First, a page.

yourself – whether in the near or far future.
Tyre noise does become noticeable at higher speeds or rough surfaces, which may have cost it a decibel
Taycan and Audi e-tron GT.
Porsche has delivered 9,072 units of the Porsche Taycan world-wide in the first quarter of 2021, only
Over the weekend, social media was abuzz as they united to criticise the actions of a pink Porsche Taycan
Porsche Australia launched the 2021 Porsche Taycan earlier this month.
Some tech from the Porsche Taycan has also trickled down to the Panamera 4S E-hybrid like the energy
Line Taycan & E-Mobility) we learned that the J1 platform used by Porsche for the Porsche Taycan
Porsche has unveiled #DrivingTomorrow, a pop-up exhibition at Jewel Changi Airport that tells the story
in Thailand, enters a new era of electromobility with the Porsche Taycan - its first fully electric
Not really.But a Porsche Taycan? Who would say no to that?
From the 827 deliveries, 47% were electrified vehicles (EV and Hybrid).This is great news for Porsche
German Porsche tuner, TECHART, has announced its new product range for the Porsche Taycan.
been 10 years since Sime Darby Auto Performance (SDAP), sole authorised importer and distributor of Porsche
For those who think the Porsche Taycan needs extra space in the rear, well, here’s the stunningly
those are still round), the boffins at the Center of Automotive Management (CAM) have awarded the 2020 Porsche
Californian Coast for an electrifying adventure.With only one charge, both actors managed to experience the Taycan
The all-electric Porsche pulled off a 0-90-0 spec of an impressive 10.17 seconds.
We’ve seen the launch of the Porsche Taycan and the MINI Cooper SE in Malaysia this year.
Not only are the cars crossovers, or “SUVs”, they’re also electric.
has finally launched the Taycan, the company’s first battery electric vehicle (BEV) sports sedan
Porsche Malaysia has launched it’s all-electric four-seater car, the Porsche Taycan, in Malaysia
Following a report by The Edge Weekly, it seems that Porsche is seeking to locally-assemble (CKD) some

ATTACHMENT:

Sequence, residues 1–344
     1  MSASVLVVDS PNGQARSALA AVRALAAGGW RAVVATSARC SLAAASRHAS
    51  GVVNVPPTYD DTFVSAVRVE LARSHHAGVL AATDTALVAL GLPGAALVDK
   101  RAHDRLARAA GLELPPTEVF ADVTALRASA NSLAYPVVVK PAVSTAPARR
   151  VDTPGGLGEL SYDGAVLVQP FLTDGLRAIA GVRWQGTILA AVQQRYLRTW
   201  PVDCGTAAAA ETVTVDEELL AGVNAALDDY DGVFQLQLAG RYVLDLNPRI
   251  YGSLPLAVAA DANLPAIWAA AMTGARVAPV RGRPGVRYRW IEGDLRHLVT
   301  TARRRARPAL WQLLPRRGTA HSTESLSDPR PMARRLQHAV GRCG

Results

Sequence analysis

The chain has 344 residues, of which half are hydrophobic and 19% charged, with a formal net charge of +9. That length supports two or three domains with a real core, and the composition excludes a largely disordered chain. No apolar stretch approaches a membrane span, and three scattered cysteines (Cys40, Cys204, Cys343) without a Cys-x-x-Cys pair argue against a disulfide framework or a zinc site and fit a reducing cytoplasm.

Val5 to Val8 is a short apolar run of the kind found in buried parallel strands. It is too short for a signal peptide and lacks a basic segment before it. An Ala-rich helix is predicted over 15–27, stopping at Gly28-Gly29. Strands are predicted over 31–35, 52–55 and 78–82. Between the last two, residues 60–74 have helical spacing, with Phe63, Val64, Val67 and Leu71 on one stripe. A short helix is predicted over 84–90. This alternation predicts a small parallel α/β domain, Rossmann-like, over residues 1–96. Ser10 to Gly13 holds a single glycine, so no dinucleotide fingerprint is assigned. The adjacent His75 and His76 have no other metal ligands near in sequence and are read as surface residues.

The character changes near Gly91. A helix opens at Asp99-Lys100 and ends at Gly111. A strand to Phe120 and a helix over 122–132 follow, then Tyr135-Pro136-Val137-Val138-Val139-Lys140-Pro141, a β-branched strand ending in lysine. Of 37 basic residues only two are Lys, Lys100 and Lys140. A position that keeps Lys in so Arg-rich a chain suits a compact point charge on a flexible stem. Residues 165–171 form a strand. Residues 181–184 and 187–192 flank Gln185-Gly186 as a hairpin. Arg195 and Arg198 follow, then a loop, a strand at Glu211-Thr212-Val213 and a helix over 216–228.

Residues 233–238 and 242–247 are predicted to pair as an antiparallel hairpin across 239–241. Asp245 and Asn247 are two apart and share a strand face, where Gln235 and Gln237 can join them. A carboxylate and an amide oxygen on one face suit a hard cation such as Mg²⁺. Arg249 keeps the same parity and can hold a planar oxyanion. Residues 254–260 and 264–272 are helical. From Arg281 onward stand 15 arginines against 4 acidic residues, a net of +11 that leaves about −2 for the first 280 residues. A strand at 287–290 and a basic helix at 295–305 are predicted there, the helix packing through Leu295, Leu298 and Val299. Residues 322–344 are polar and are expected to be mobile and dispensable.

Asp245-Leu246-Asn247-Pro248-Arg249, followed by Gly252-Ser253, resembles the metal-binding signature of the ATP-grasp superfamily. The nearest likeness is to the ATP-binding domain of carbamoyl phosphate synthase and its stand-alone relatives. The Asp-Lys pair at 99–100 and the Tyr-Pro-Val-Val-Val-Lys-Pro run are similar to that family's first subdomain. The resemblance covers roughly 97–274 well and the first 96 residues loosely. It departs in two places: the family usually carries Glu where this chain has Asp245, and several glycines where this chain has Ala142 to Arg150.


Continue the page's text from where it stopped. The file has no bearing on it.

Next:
Blog, Mercedes-Benz has trademarked several AMG EQ designations, thus confirming that there will be electric
Porsche CEO, Oliver Blume, has confirmed that the Porsche 911 will never become a fully electric car.
Porsche’s electric line-up will see the introduction of an SUV with the new Porsche Macan.
, Taycan) and Leipzig (Panamera, Macan) - or at other Volkswagen Group plants like Osnabrück in
Look at the Taycan, it has a name that sounds like a monster that blasts lightning from its mouth with
Cars in Malaysia, has launched the new 2021 Porsche Taycan RWD here.
Porsche Asia Pacific and Shell have struck up a new partnership to implement the first cross-border high-performance
porsche taycan hybrid or electric-porsche taycan hybrid or electric-2014 Panamera S E-Hybrid Test Drive Miami
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porsche taycan hybrid or electric-Porsche at the 2015 Frankfurt Auto Show
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porsche taycan hybrid or electric-El primer coche deportivo totalmente eléctrico de Porsche se llama Taycan
Porsche...the only #electric #car you will ever want. Have you ever considered leasing a hybrid or electric car? The Porsche Cayenne or Porsche Taycan both praised for their beautiful aesthetics as you would expect! Lease here:https://bit.ly/32zUrzF
All of them
Got a burning car question? Ask me, Erin (I'm taking over Twitter today), below
Totally agree with you! It’s going to be very exciting seeing the Porsche Taycan! But one thing Tesla still has an advantage on is their models were built with only electric in mind whereas ”normal” car manufacturers use the same base as hybrid or combistion engine base.
You're off your head. What about a Tesla or Porsche Taycan? Or Polestar 2? The new electric 208 looks great! I have a Golf GTE which is Hybrid but has the same styling as a GTI.